Dual Mono AK4493 DAC (MK II)

Time flies when you’re having fun. Or are just too busy with things, in general.

It’s been two and a half years since I posted about my Dual Mono AK4490 DAC. That DAC has been built and is in use by at least 6 people, other than myself. All of them have been very satisfied with its performance.

But since then quite some water has passed under the bridge.

Among other things, the AK4493 chip came out, and it was just that much different than the AK4490 that I had to update my design to accommodate it.

Feature-wise it was pretty enticing. It looked more like a limited performance version of the AK4497 than an upgraded version of the AK4490. So I had to try it out.

Since I was going to update the PCB design, I thought I might as well improve on as much as I could. So, the new board would:

  • Include a new reclocking solution. I went for the best specc’ed chip out there, the famous Potato Semi PO74G374A. One chip would take care of the all of the I2S lines for both DAC chips.
  • Add a couple of external 1.8V DVDD power supplies.
  • Make some optimization of the LT3042 local regulators’ layout, in order to accommodate larger package capacitors (1206) where it would make most sense.
  • Give access to the zero-detect lines of one of the dac chips. These pins could be used to easily implement auto muting of the output stage.
  • Give access to the Enable pin of the Si570/Si544. The use of this Enable pin will be explained later.

In addition I would use the then new Si544 programmable oscillator, offering improved performance over the Si570. This did not require any changes to the pcb.

This is the updated schematic:

(Right click, Save Image As.. to download it in full resolution)

This is the 4-layer PCB:

And this is the BoM (v1.9) in xls format: Dual AK4493 DAC (main board BoM) (15212 downloads )

The finished board looked like this:

The design consideration, powering scheme and clocking considerations remain the same as with the original design. There is not much sense in repeating the same text here. I will make a few notes though, based on the experience gathered from building, testing and listening to several such DACs.

  1. Reclocking is indeed a good idea, offering both measurable improvement in jitter as well as better sound quality.
  2. The pre-regulators that power this board matter. A lot. Especially the ones for AVDDL & AVDDR. We got the best (audible) results by using a couple of paralleled LT3045s.
  3. In a resolving system, any change in anything makes audible differences. I was particularly surprised to hear how much of a difference having correct (and uniform across my devices / stereo components) electrical phase in my power cords made.

Also, having a properly designed and implemented USB to I2S receiver is very important. Early on I realized that it would be best if I designed my own XMOS-based receiver board, custom tailored to my needs. It would also include some light USB line conditioning and an AK4118-based S/PDIF receiver with 4+2 inputs. I would then standardize my DAC designs with this inputs board in mind, including properly supporting it in my Arduino code.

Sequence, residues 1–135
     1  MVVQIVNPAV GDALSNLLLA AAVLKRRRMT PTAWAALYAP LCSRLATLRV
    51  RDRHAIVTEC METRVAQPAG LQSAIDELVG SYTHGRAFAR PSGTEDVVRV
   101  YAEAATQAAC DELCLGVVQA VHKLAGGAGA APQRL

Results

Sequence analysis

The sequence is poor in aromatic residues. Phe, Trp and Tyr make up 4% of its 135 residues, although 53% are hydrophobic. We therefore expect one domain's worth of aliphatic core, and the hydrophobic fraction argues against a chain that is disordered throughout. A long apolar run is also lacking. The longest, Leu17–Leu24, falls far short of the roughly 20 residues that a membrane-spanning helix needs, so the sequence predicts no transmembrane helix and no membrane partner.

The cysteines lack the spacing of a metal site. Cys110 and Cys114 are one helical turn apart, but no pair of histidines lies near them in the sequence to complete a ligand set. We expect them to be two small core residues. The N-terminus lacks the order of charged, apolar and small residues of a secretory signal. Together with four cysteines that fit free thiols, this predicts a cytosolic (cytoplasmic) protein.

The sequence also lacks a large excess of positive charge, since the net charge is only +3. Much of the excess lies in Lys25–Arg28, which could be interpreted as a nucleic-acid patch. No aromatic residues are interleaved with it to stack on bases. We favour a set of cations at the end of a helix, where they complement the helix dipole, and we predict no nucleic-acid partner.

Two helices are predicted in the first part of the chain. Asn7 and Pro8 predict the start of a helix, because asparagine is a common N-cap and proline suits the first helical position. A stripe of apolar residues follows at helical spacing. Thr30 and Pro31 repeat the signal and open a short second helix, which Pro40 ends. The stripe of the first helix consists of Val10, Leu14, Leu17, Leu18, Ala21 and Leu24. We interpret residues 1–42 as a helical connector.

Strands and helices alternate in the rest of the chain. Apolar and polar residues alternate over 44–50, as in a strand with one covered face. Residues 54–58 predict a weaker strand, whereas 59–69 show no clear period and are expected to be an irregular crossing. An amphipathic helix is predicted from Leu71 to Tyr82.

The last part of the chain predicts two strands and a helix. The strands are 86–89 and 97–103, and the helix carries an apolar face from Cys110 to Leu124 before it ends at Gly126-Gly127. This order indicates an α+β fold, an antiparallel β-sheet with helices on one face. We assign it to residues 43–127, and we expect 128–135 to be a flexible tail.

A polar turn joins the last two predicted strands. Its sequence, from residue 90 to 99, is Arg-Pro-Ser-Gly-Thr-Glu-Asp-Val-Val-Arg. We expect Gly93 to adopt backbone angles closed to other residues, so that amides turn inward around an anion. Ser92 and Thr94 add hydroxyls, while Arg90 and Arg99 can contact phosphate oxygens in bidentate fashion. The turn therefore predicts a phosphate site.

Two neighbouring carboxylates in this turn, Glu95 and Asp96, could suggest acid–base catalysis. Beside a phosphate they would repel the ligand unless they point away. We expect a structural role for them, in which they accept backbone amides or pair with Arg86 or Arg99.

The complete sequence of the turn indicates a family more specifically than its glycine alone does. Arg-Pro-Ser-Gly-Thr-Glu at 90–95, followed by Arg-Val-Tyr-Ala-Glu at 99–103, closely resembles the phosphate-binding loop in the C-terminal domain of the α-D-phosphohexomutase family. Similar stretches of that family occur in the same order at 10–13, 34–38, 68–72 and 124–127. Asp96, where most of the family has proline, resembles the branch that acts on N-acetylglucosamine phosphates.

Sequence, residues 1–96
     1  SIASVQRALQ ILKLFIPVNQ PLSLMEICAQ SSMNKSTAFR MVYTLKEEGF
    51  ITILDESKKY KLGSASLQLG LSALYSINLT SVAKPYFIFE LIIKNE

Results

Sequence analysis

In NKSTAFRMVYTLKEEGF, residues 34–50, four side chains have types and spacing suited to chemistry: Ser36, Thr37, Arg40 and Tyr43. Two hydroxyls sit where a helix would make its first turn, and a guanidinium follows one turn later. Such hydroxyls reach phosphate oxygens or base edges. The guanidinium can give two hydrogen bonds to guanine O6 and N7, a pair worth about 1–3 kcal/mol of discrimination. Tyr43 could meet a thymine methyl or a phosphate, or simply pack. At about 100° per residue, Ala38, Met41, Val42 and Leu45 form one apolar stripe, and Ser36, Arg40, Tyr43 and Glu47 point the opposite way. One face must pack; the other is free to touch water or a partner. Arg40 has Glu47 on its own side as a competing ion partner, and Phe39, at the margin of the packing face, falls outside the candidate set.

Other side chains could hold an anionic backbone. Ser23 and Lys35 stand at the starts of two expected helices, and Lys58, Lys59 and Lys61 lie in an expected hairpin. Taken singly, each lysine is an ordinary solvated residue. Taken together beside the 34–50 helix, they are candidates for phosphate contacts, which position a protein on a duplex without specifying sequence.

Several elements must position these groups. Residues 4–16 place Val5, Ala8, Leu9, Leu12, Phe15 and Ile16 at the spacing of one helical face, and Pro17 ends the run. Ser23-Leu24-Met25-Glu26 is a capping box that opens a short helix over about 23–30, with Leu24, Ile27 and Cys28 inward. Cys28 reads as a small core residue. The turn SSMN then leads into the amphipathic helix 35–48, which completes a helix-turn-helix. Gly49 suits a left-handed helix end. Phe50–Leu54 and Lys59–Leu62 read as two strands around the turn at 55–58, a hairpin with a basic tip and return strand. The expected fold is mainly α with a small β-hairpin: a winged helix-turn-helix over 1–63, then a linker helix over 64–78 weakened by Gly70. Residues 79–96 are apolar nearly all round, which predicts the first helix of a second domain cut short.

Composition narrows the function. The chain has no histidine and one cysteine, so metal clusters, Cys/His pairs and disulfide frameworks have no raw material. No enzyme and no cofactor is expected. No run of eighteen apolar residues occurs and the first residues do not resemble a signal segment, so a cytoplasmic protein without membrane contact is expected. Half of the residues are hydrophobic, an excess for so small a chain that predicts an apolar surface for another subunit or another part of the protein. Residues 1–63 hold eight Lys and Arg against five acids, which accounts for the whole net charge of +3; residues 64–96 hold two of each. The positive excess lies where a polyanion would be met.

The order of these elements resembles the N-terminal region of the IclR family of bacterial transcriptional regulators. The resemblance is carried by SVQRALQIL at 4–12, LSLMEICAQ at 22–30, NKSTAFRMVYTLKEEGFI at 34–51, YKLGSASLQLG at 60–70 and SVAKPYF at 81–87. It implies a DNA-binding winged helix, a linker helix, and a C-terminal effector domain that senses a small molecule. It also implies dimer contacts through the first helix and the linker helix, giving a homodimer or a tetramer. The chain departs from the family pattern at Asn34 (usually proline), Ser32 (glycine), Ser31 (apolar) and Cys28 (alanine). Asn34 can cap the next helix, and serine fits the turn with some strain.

And so this board came to be:

Describing in detail this board is beyond the scope of this post, but suffice it to say, building it is not for beginners. Plus you will need XMOS’ xTAG programmer to burn firmware into the XMOS chip. If anybody is feeling particularly adventurous, drop me a line and I’ll see if I have any PCBs left.

Now, regarding the Arduino code needed to control this board(s), it is not very different than that used to control the AK4490s. The main differences are:

  • It has been adapted to enable the AK4493s’ PCM/DSD auto detection feature
  • It has support for all of the AK4493’s digital filters
  • It has support for triggering a muting relay
  • It now supports the Si544 instead of the Si570
  • It offers full compatibility with my XMOS / SPDIF board.

There are a number of to-do’s though, such as displaying the bit depth of the incoming PCM signal (from the USB port), plus more information on the incoming DSD stream (such as whether it is in DoP or Native format).

The hardware of the controller is the same that was used with the Dual Mono AK4490 DAC.

In this download I am including the modified versions of the libraries (as mentioned in the above linked post) as well as the necessary font files. Be sure to extract the contents of “Libraries (place in Libraries folder)” to your Arduino IDE’s “libraries” folder.

Download it here: aKduino v3 (50847 downloads )

Regarding the output stage, it is the same design that was used for the AK4490 DAC. However its output level is slightly lower than that of the AK4490 board since the AK4493’s VREF voltage is limited to 5.25V, compared to about 7V of the AK4490. This difference in volume is easy to compensate for by changing a few resistors on the output stage.

Here is a pic of the 3 boards in action:At the time of this writing there have been built 4 DACs based on this updated DAC design PCB.